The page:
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Celebrate Juneteenth with ‘Black Barbie’

The Netflix documentary directed by Lagueria Davis drops today.

I am celebrating Juneteenth with “Black Barbie,” and I hope you will too. I believe this brand new documentary in association with Shondaland Media will underscore the importance of developing a secure, confident racial and cultural identity.

“Black Barbie” may also broaden our understanding about the meaning of dolls in children’s play. In fact, one thing “Black Barbie” emphasizes is the inherent value in doing just this.

Ms. Davis’ film is deeply personal. It tells the story of how her Aunt Beulah Mae Mitchell and two colleagues encouraged Ruth Handler to create a Barbie that reflected them. Specifically, it reveals the determined influence three Black women had on the Barbie brand we know today.

I had the honor of speaking with film director Lagueria Davis last week, which you can listen to here. By the same token, this is from Ms. Davis’ Director’s Statement:

Listening to my aunt and looking at her Mattel memorabilia, it was not lost on me why my aunt and her Black women co-workers would want to see. Barbie that looked like them. With that in mind, I sat down to do a bit of research, and discovered that it took 21 years for Mattel to release the first Black Barbie. Discovering this took me back to a time when I was a little Lagueria, learning what it meant to be a Black girl. it was then that I knew I had to tell Black Barbie’s story—and in doing so, tell my aunt’s story.

I can recall having three dolls growing up. The first, a life-size doll of Krystal Carrington from the TV show Dynasty. The second was a Black Cabbage Patch doll. The third, a Black Raggedy Ann doll that my mother had specially made for me, which she paid $150 for. We were not a rich family. For my mom to drop $150 per doll—she bought three, one for me and my two younger sisters—meant something more than I could ever understand then. However, I thought my Krystle doll was beautiful and wanted to look like her. but Black Raggedy Ann and the Cabbage Patch looked more like me, and as a child, I found some comfort in that.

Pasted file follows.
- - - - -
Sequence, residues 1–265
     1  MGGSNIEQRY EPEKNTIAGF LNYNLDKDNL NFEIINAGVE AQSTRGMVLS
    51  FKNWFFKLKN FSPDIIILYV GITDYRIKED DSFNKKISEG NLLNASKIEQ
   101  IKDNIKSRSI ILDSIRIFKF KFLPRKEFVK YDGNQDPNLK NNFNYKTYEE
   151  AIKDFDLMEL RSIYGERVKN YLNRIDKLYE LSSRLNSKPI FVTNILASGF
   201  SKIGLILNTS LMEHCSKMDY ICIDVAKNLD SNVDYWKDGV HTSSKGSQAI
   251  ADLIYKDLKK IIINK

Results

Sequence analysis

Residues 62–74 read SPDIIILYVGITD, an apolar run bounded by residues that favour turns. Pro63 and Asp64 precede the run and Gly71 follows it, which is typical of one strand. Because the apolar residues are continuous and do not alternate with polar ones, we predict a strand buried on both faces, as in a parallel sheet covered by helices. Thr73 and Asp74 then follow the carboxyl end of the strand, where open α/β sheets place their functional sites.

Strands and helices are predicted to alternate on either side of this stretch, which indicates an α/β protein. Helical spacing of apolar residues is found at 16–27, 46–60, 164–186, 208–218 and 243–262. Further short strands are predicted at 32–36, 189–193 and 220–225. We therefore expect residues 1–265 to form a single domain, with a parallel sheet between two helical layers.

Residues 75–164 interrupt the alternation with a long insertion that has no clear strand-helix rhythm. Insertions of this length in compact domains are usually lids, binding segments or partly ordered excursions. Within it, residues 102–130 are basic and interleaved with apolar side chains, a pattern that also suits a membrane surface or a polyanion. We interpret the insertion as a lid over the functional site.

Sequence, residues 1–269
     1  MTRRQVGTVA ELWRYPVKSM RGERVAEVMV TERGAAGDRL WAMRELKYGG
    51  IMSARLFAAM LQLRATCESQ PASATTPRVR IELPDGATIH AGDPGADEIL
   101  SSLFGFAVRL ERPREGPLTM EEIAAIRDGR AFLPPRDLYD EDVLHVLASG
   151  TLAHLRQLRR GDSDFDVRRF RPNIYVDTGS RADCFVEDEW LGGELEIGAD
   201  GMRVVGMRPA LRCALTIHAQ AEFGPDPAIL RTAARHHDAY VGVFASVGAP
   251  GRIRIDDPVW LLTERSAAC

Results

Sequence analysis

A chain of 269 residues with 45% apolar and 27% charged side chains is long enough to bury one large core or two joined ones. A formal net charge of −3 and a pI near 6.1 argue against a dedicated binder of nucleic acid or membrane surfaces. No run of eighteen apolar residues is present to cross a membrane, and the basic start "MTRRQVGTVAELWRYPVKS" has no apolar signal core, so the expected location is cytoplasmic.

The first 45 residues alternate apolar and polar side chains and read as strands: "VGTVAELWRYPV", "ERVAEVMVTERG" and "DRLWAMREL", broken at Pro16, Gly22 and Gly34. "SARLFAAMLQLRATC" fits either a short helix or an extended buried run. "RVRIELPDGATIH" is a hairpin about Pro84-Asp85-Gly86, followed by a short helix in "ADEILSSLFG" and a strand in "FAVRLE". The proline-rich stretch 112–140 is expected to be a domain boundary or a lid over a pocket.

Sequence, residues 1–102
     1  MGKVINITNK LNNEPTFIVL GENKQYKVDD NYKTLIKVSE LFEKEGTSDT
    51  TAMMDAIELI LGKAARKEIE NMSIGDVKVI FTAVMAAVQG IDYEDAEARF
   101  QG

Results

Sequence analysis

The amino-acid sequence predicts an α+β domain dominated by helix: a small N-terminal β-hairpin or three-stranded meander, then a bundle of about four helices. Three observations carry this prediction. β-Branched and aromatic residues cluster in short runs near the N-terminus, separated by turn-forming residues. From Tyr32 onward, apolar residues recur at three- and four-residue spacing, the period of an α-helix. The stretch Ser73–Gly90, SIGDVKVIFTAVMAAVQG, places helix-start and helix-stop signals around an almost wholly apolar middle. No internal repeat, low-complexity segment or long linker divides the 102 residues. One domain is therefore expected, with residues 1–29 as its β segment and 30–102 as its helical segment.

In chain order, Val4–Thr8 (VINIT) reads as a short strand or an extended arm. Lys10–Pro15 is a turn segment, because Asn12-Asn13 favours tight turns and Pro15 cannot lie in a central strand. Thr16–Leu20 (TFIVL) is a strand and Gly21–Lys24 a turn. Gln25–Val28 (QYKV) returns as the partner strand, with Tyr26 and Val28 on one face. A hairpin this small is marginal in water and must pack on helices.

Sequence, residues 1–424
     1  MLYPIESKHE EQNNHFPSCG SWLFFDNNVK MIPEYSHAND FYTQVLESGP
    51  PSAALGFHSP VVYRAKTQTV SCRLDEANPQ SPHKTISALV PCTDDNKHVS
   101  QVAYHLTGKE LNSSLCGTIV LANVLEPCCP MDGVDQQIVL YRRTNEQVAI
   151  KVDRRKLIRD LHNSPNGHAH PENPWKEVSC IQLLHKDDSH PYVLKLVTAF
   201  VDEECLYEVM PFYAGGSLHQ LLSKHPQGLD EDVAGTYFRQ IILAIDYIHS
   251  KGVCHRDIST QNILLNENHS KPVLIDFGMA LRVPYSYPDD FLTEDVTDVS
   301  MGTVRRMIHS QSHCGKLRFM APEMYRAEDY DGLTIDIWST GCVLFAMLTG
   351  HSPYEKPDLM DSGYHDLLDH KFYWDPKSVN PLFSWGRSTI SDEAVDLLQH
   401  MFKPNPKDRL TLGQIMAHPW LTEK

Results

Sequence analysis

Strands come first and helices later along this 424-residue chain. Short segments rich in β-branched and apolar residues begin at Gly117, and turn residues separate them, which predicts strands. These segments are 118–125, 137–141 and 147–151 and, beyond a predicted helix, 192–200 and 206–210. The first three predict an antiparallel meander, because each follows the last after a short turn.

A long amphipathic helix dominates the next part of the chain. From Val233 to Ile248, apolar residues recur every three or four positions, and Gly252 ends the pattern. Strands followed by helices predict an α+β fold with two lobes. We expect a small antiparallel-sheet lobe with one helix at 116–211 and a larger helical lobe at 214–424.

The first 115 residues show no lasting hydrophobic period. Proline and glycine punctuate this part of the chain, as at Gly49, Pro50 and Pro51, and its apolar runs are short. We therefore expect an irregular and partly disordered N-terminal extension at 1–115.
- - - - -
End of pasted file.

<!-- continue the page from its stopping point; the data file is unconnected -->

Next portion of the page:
Within that comfort lived competing and conflicting emotions, because unfortunately, I didn’t find my Black Cabbage Patch or Black Raggedy Ann to be beautiful dolls. That being said, I think it’s worth exploring the story behind that comfort zone, and how that zone constructs or deconstructs one’s identity.

Enjoy Juneteenth with “Black Barbie” and help spread the word. This is one documentary no one should miss!

Poster courtesy of Netflix.

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The Edge Is Free To Read.

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